Farming intensification in Northern Ireland – a state-corporate environmental harm?

Ekaterina Gladkova*

*Corresponding author for this work

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Food production may involve serious harms that lie beyond traditional definitions of crime and are not statutorily proscribed. One example of a criminologically under-researched source of harms is intensive farming. Taking a case study of rising intensive pig farming in Northern Ireland, this paper innovatively applies the state-corporate crime framework to analyse the catalysts for environmental and social harm in the country, expanding the knowledge of complex relationships between political and economic actors from a green criminological perspective and further advancing the agenda of ‘greening’ of state-corporate crime (Bradshaw, 2014). It concludes that a state-corporate symbiosis supports and reinforces a market-oriented, profit-driven model of farming that prioritises efficiency and ultimately leads to ‘lawful but awful’ intensification.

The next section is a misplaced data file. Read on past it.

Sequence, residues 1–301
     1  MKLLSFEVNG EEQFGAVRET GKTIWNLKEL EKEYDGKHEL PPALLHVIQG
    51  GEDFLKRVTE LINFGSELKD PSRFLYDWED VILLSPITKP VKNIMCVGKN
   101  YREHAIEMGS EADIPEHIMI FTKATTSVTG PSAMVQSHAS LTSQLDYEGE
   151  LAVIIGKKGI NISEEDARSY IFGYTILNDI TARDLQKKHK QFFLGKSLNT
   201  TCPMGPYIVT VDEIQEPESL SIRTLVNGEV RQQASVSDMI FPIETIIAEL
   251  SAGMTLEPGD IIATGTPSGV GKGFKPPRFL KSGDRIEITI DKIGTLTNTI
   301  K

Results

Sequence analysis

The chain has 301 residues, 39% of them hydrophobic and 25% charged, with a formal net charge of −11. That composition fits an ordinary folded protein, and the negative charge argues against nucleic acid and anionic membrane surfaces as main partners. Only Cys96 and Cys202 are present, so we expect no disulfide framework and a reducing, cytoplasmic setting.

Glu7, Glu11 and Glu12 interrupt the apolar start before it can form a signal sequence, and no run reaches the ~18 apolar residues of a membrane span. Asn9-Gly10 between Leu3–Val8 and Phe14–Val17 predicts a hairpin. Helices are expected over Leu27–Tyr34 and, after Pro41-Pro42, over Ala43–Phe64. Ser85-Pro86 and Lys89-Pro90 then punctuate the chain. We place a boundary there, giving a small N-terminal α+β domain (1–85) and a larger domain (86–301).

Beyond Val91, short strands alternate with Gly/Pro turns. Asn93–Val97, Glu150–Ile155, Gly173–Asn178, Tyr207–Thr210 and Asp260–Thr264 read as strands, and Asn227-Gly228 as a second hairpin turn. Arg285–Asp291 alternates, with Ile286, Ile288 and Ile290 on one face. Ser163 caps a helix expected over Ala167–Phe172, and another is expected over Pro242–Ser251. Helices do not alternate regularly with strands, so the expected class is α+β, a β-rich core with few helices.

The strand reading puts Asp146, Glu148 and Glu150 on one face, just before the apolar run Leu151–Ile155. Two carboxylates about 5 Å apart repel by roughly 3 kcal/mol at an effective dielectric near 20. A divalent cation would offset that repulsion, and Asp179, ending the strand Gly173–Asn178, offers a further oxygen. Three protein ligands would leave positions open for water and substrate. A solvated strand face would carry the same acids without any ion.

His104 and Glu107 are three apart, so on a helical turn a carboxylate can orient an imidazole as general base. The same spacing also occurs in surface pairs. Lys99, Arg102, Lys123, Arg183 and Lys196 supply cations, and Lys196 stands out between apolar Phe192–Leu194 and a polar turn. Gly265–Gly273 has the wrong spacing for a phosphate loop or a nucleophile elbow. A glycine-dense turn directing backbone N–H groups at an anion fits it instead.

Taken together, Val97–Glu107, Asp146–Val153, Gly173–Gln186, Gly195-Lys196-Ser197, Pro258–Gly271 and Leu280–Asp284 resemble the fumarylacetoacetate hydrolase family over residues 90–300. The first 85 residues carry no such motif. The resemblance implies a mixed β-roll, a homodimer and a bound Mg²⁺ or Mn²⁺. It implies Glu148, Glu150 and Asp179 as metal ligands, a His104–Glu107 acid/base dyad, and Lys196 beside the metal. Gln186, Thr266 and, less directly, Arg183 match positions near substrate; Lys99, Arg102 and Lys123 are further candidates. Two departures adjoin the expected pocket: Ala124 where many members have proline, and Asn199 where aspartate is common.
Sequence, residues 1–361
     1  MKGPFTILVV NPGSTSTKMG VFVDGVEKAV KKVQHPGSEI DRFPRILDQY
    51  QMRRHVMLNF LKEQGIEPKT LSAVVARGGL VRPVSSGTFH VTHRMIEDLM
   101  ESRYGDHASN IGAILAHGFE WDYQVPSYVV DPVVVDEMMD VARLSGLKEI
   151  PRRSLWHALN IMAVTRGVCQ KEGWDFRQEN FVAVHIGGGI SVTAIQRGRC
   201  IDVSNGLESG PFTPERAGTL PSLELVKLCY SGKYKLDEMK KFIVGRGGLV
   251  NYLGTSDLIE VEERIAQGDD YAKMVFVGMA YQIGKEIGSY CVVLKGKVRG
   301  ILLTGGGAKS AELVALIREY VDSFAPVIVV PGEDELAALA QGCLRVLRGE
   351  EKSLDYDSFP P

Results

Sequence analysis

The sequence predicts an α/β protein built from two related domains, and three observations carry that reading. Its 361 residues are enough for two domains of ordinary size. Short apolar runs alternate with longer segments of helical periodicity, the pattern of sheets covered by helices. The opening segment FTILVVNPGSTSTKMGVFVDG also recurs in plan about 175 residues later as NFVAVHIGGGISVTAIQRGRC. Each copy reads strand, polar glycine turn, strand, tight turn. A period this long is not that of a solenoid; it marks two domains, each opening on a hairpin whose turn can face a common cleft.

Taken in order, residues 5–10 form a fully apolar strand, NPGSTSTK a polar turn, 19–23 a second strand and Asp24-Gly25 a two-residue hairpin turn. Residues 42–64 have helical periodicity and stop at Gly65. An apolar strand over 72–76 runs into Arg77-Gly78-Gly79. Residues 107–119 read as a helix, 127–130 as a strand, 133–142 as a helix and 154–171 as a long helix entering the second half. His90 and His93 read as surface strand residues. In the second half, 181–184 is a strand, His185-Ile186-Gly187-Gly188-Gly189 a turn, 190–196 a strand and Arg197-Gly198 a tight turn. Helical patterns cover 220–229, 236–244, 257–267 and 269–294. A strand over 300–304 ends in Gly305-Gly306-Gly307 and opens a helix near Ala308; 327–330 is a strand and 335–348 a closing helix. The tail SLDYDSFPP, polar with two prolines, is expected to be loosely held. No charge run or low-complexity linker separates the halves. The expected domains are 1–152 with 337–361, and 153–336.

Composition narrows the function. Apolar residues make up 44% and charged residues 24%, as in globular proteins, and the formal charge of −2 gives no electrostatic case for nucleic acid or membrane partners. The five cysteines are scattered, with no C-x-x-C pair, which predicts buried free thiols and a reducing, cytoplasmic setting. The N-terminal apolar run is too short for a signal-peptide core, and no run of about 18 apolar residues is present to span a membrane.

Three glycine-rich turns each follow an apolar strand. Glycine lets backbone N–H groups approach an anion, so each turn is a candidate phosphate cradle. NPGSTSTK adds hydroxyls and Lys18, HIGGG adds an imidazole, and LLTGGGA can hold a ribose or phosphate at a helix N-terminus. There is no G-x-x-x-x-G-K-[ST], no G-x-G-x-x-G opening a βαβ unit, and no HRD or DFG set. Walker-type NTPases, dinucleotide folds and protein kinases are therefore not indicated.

Original languageEnglish
Article number2631309X2211245
Pages (from-to)110-123
Number of pages14
JournalJournal of White Collar and Corporate Crime
Issue number2
Early online date30 Aug 2022
Publication statusPublished - 1 Jun 2023


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